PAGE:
Building leadership capability is the art of learning how to influence change
This requires us to join forces to share resources, skills, knowledge and experiences
We cant do it alone and we cant do it in silos
As I mentioned in my post “Are you curious about how greater investment in innovative and cost-effective programs will empower farmers?” I breathed a big sigh of relief when I found my tribe and “me” became “we”
What started out as an experiment in innovative ways to connect farmers and the community and support the agriculture sector to be appreciated by every Australian who is able to put healthy, affordable food on the table has morphed into a smorgasbord of opportunities for young people from kindergarten to early career.
Some interesting challenges have been been posed on our journey. The Australian agriculture sector doesn’t have an ATTRACT-TRAIN-RETAIN strategy and it doesn’t collect and share data from organisations who work with schools.
In the beginning we were often asked to deliver highly unrealistic expectations like tell us how many young people are now working in agriculture because they did your school programs. That type of reporting requires longitudinal studies that agriculture doesn’t fund. Expectations like this made measuring impact an interesting challenge.
Its has become a lot easier when we have funding partners who are very clear about why they fund us and you can meet their expectations.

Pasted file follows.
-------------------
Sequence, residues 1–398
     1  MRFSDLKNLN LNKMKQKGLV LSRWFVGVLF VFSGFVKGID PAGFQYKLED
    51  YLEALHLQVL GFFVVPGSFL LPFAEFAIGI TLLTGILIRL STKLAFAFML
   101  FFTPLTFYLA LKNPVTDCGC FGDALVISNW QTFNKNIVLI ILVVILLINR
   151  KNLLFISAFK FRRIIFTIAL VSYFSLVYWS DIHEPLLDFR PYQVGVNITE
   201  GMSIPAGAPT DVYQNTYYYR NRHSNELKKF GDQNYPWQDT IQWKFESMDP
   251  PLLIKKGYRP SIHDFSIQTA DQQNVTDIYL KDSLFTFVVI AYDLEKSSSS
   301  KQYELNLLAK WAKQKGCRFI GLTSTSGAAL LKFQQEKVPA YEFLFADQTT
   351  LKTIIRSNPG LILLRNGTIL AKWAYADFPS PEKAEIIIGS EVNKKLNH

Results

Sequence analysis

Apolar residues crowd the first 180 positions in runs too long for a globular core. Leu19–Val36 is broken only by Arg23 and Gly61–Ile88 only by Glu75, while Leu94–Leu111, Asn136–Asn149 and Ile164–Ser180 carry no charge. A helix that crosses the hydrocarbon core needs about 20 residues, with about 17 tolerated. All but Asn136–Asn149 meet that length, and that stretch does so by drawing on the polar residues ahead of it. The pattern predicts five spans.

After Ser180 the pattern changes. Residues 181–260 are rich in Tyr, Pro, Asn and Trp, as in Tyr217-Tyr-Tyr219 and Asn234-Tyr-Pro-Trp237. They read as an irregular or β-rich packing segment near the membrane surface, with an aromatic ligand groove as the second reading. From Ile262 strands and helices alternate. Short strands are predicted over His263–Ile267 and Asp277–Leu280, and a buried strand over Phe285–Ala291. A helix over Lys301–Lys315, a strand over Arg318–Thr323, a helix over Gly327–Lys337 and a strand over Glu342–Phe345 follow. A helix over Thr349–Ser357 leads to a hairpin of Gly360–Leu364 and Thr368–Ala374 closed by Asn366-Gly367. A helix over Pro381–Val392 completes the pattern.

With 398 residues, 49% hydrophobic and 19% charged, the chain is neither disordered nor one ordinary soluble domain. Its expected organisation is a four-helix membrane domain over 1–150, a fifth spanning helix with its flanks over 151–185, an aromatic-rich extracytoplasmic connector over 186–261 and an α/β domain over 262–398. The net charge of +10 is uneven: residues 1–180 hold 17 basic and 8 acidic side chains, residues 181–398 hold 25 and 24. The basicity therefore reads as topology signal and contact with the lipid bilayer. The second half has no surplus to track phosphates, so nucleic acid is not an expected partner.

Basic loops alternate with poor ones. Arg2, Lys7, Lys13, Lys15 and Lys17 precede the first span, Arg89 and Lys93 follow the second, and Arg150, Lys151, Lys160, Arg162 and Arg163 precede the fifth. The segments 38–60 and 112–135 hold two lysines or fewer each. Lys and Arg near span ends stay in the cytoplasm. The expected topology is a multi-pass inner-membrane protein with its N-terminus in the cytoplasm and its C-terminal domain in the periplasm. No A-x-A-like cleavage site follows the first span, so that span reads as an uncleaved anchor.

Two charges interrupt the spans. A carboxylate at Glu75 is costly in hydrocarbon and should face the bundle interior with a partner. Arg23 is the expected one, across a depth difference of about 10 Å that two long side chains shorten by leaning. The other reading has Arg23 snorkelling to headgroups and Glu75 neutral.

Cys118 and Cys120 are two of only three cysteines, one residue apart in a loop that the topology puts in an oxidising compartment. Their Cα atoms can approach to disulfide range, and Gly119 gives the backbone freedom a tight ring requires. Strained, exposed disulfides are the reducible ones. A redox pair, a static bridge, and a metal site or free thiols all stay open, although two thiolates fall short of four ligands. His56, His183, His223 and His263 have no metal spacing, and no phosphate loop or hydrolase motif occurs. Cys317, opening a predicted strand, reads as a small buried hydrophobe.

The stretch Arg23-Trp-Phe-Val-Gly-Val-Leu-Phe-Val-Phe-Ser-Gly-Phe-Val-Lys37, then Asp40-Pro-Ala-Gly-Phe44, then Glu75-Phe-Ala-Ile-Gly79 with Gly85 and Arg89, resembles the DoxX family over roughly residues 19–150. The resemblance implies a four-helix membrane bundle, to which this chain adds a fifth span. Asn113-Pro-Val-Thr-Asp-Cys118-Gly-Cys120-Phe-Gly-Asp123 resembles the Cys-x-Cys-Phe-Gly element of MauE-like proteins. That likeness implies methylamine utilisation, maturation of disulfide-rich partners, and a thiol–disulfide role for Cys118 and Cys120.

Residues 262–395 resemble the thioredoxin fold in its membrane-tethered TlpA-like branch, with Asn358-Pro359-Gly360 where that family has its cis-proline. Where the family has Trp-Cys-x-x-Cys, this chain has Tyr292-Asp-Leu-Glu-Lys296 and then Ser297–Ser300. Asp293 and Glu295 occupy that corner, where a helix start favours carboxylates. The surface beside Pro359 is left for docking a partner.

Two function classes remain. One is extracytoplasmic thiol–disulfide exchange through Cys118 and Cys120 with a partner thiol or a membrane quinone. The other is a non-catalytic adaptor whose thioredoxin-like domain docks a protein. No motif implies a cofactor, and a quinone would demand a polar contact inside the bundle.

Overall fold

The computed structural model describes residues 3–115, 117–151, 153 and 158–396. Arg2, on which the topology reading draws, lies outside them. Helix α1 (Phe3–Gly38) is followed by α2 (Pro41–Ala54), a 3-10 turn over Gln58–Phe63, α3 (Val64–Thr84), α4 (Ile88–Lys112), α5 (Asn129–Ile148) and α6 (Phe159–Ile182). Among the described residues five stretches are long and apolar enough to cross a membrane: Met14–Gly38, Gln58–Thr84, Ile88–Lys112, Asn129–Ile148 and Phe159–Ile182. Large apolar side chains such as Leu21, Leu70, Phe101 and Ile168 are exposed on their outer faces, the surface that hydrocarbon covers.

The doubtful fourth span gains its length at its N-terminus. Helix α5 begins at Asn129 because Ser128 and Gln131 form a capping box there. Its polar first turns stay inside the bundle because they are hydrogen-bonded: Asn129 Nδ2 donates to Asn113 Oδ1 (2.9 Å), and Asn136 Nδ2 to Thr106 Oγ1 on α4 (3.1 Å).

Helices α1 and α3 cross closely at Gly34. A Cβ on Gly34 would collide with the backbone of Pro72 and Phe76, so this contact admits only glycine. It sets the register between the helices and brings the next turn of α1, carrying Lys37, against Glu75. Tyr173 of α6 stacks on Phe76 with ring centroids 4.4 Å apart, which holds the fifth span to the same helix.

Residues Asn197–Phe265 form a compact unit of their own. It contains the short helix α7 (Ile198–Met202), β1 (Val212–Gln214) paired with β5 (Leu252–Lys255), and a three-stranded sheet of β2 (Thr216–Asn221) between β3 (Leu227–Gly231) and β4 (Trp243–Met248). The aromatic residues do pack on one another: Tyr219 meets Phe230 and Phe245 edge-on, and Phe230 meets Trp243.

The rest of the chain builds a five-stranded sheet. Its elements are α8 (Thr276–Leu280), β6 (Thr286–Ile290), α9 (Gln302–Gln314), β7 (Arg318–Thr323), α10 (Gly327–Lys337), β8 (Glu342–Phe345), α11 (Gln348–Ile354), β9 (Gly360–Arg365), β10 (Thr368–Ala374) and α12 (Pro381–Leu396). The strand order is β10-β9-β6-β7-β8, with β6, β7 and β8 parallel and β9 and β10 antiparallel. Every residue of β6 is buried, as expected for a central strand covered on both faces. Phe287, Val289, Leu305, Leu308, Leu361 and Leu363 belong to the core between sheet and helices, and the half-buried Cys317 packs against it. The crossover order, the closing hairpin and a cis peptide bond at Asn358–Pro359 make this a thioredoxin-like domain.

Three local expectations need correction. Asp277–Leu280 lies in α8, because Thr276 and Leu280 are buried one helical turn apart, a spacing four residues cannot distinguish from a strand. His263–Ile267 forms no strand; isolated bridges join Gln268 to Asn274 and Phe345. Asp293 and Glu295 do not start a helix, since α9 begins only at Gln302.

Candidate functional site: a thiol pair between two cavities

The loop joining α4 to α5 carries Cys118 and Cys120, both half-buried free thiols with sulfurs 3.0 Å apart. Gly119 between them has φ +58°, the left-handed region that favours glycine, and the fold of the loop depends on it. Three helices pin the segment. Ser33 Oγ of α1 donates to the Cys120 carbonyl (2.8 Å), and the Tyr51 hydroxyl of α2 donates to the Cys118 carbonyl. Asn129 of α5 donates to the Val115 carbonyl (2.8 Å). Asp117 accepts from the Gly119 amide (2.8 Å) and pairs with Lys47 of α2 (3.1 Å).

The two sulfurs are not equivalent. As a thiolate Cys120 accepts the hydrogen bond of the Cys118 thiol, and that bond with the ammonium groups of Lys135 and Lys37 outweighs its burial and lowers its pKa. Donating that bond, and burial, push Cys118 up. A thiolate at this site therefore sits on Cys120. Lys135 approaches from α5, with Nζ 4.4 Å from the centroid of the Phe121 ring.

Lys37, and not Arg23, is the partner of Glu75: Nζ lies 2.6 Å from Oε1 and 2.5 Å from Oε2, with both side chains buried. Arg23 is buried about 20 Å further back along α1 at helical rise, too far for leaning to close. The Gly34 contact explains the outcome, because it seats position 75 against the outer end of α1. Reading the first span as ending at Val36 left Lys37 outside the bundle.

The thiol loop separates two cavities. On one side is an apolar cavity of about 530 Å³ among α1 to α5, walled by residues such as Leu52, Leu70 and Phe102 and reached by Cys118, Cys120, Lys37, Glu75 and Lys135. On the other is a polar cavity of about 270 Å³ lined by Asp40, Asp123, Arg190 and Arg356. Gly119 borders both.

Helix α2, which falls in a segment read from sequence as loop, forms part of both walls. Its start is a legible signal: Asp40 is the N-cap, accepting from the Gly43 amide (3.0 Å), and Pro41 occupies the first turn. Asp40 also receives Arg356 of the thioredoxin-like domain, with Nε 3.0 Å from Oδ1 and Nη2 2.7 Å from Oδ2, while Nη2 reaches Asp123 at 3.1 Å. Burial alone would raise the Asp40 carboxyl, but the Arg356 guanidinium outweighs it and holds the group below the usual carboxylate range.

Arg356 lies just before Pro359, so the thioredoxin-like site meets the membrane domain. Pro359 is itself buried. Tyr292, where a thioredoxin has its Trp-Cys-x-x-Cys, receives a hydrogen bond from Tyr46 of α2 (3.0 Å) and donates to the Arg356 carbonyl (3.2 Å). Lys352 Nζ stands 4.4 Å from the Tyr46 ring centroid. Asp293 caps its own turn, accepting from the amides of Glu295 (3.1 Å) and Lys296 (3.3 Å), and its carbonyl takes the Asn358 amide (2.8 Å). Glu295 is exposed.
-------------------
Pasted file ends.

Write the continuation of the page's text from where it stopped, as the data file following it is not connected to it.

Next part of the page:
For example St Vincent De Paul funds us because they have identified our programs build resilience to natural disasters in young people.
How do you measure that?
Well that’s why the tribe is so important. Experts like Dr Nicole McDonald can build questions into our monitoring and evaluation frameworks to measure “resilience building”
Working with schools is a joy because they tells and show us the impact our programs are having. Our competition judges tell us the impact our programs are having. Our teachers tells us the impact our programs are having.
We recently opened our Expression of Interest for Kreative Koalas and we ask our applicants why they want to participate. A return customer said this
“Having been a previous participant, our school values the opportunity to be involved again and integrate the Kreative Koalas program across all classes in the school. The whole school learning which came about from our previous participation, and the opportunity to connect with industry leading collaborators is something we cannot under value.”
The mention of “Industry leading collaborators” brings me to the big challenge I am yet to surmount. How do we get more of the farmers that we want to build an appreciation for to come onboard. There is an enormous opportunity to involve them and immerse them in our school program experience.
All advice welcome